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Nudging the Church to Self-destruction

By James O. Baird

religion, articles, christianity

In my judgment, the basis of much tension in the church comes from two waves of thought which have washed over America. The one, more biblical and Christian, crashes headlong against the ideas of the Enlightenment, emerging principally from Europe's encounter with the Renaissance. These ideas were powerfully anti-Christian exalting the supremacy of human reason and explaining all phenomena by natural law. Their influence has been staggering. They are the source of today's secular culture, helping to put into place questions which are more philosophical than biblical and which challenge our Christian approach to the nature of life and its purpose. These questions which emerge from speculative thought, and which need to be answered, include the following:

  1. Is there reality? If so, how can we know it?
  2. Is there a Supreme Being who can act outside of nature?
  3. Can words accurately convey meaning?
  4. Is culture foreordained to be supreme or can it be effectively countered?
  5. Can a verbally inspired Word be accepted as authoritative and complete?

Addressing these questions:

  1. Our senses of sight, hearing, taste, touch, and smell confirm there is reality. When our experiences are confirmed by these senses reality is accepted. This is the basis of modern science. Touching fire does speak truthfully to man.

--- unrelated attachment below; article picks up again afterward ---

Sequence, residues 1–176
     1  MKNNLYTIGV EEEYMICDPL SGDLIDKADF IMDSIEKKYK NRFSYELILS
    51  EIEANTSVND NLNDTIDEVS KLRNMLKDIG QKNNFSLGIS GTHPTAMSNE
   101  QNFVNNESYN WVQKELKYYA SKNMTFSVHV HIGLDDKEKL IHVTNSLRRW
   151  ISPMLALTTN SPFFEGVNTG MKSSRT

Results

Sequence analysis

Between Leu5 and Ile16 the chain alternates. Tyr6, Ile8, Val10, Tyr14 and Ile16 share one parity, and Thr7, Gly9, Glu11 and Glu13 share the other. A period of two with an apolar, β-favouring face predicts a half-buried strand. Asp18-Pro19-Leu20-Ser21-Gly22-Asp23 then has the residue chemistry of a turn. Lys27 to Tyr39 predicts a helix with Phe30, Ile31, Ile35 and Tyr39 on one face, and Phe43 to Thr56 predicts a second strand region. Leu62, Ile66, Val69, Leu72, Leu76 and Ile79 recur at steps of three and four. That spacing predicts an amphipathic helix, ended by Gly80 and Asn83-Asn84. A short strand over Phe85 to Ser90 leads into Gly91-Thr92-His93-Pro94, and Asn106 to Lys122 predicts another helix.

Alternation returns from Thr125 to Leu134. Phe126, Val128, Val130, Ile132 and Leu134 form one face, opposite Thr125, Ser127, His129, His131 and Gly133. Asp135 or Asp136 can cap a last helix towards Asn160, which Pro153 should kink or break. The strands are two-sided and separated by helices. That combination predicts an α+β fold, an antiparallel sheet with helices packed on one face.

2. The complexity, immensity, and dependability of the universe demand an explanation. Such a universe mandates a God of tremendous power. If God has such power, he is able to reach beyond his established law and miracles become a possibility.
  3. Much theory of speech teach that words only reflect our experience and cannot convey meaning accurately. In spite of such theory, most of the understandable communication between humans requires words, and on this basis our world functions financially, academically, and personally. While God communicates his power and grandeur through the physical universe, his inspired words are necessary to convey his will to mankind.
  4. The New Testament consistently draws a line between the world and the church. The church is presented as God's countering agent to the world's culture. It is God's leaven, his element of change. Through the church the anti­Christian world can see the alternative of being molded by his Word.
  5. If we limit God's ability to provide an inspired, authoritative and complete Word, we turn away from the self­claims of the Bible and the way Jesus, the apostles, and prophets used it.
  6. Conceding unclear answers to these five questions is to concede the present array of criticisms about the church are true. This litany is familiar and includes the following:
  7. "Prooftexting is unacceptable."
  8. "The culture is forcing the church of Christ into existing as another denomination."
  9. "Believing verbal inspiration is presumptuous. "
  10. "Opposing women as preachers and instruments of music in worship are hopelessly out of step with the times."
  11. "Command, example, and inference are unacceptable principles for explaining Scripture. The church of Christ is based on a poor hermeneutic."
  12. "The church severely lacks high­level scholarship. This lack explains many of its failures."
  13. "The New Testament does not provide a pattern and example for the church in any time and place."
  14. "Grace alone, not commandments, should receive our approval. Demanding obedience distorts the gospel."

To those critics calling for the abandonment of the New Testament church, please provide your proposals for a better alternative. This I have not heard.

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Published November 1996